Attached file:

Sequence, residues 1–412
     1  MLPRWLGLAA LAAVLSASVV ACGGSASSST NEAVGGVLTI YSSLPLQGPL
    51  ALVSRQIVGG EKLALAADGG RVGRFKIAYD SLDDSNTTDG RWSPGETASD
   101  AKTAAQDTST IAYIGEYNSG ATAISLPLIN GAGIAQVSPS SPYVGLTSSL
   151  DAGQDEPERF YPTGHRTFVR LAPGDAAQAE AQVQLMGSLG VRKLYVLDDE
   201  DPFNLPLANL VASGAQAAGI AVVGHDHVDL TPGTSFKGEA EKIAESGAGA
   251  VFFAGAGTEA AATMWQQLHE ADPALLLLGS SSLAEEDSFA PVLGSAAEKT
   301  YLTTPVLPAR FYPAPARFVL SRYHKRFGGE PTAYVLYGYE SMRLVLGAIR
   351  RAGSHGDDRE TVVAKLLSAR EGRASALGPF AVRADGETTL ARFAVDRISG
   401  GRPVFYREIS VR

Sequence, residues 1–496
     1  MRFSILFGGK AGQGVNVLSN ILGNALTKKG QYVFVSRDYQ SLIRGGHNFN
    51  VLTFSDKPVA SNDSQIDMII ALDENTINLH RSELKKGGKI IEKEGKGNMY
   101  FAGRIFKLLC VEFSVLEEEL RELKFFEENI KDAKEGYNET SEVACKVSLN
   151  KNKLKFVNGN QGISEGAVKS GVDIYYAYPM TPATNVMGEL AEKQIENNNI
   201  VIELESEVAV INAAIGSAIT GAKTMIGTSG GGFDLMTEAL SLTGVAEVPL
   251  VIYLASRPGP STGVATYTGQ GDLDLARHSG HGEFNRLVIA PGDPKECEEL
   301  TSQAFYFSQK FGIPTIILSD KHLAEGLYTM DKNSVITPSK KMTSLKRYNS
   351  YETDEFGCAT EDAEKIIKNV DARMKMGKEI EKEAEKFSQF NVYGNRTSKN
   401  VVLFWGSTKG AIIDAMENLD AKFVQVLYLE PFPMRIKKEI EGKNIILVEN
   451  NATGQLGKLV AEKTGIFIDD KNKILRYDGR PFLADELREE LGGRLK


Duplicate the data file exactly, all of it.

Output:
Sequence, residues 1–412
     1  MLPRWLGLAA LAAVLSASVV ACGGSASSST NEAVGGVLTI YSSLPLQGPL
    51  ALVSRQIVGG EKLALAADGG RVGRFKIAYD SLDDSNTTDG RWSPGETASD
   101  AKTAAQDTST IAYIGEYNSG ATAISLPLIN GAGIAQVSPS SPYVGLTSSL
   151  DAGQDEPERF YPTGHRTFVR LAPGDAAQAE AQVQLMGSLG VRKLYVLDDE
   201  DPFNLPLANL VASGAQAAGI AVVGHDHVDL TPGTSFKGEA EKIAESGAGA
   251  VFFAGAGTEA AATMWQQLHE ADPALLLLGS SSLAEEDSFA PVLGSAAEKT
   301  YLTTPVLPAR FYPAPARFVL SRYHKRFGGE PTAYVLYGYE SMRLVLGAIR
   351  RAGSHGDDRE TVVAKLLSAR EGRASALGPF AVRADGETTL ARFAVDRISG
   401  GRPVFYREIS VR

Sequence, residues 1–496
     1  MRFSILFGGK AGQGVNVLSN ILGNALTKKG QYVFVSRDYQ SLIRGGHNFN
    51  VLTFSDKPVA SNDSQIDMII ALDENTINLH RSELKKGGKI IEKEGKGNMY
   101  FAGRIFKLLC VEFSVLEEEL RELKFFEENI KDAKEGYNET SEVACKVSLN
   151  KNKLKFVNGN QGISEGAVKS GVDIYYAYPM TPATNVMGEL AEKQIENNNI
   201  VIELESEVAV INAAIGSAIT GAKTMIGTSG GGFDLMTEAL SLTGVAEVPL
   251  VIYLASRPGP STGVATYTGQ GDLDLARHSG HGEFNRLVIA PGDPKECEEL
   301  TSQAFYFSQK FGIPTIILSD KHLAEGLYTM DKNSVITPSK KMTSLKRYNS
   351  YETDEFGCAT EDAEKIIKNV DARMKMGKEI EKEAEKFSQF NVYGNRTSKN
   401  VVLFWGSTKG AIIDAMENLD AKFVQVLYLE PFPMRIKKEI EGKNIILVEN
   451  NATGQLGKLV AEKTGIFIDD KNKILRYDGR PFLADELREE LGGRLK